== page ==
Wimborne Road Cemetery 3528

Bournemouth, England

Brief Description

The cemetery, which is a diamond-shaped space of about 9.5 hectares, was opened in 1878. There is a main entrance is marked by two large and two smaller square brick pillars, and three smaller entrances. Other features include a chapel, avenues, war memorial and the Lady Annie and Sir Merton Russell-Cotes' mausoleum, designed by the architect John F Fogerty.

History

In 1872 a Burial Board was convened which purchased a plot of land and commissioned the architect to the Bournemouth Board of Commissioners, Christopher Crabbe Creeke, to design the cemetery, which included a chapel, an entrance lodge, a mortuary chapel, and landscaping works. The cemetery was consecrated in April 1878 and the first burials took place that same month.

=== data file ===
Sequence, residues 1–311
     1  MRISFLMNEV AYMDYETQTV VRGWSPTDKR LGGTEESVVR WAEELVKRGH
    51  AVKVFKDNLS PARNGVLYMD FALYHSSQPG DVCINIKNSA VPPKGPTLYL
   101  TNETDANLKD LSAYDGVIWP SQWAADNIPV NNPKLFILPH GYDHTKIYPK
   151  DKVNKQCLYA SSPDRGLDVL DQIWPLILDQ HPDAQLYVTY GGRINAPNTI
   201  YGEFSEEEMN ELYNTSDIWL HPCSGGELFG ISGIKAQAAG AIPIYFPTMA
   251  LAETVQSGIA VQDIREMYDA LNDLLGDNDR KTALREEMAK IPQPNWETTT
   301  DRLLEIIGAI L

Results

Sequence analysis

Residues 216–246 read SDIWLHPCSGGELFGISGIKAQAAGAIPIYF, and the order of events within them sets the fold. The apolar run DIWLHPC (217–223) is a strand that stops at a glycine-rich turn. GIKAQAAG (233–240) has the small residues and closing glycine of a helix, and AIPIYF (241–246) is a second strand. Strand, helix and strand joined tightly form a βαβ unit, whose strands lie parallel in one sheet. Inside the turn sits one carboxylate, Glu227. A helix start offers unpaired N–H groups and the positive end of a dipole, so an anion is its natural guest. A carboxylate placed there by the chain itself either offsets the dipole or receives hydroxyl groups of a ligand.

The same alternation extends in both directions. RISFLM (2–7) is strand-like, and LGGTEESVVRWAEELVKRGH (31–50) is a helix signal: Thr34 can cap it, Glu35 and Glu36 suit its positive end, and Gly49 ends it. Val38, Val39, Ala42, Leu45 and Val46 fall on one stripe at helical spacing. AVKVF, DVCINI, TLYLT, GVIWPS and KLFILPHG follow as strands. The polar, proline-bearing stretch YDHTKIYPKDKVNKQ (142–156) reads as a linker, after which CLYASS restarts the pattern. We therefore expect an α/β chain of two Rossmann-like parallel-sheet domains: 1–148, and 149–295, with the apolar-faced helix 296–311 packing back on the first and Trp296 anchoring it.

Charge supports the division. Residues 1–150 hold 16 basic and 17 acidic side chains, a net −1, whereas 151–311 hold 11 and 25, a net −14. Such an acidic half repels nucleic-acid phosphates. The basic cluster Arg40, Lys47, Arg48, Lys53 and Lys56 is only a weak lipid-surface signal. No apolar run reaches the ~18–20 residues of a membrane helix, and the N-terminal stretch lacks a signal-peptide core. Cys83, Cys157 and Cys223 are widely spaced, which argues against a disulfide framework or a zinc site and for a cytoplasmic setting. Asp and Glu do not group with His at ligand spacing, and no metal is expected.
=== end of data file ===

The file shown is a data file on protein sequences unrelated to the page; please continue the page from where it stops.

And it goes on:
Visitor Facilities

This is a municipal cemetery for general public use. The site is open daily, closing at dusk in the winter and 8pm in the summer.

Detailed Description

The following is from the Register of Parks and Gardens of Special Historic Interest. For the most up-to-date Register entry, please visit the The National Heritage List for England (NHLE):

www.historicengland.org.uk/listing/the-list

A cemetery, opened in 1878, laid out by the architect Christopher Crabbe Creeke.

DESCRIPTION

LOCATION, AREA, BOUNDARIES, LANDFORM, SETTING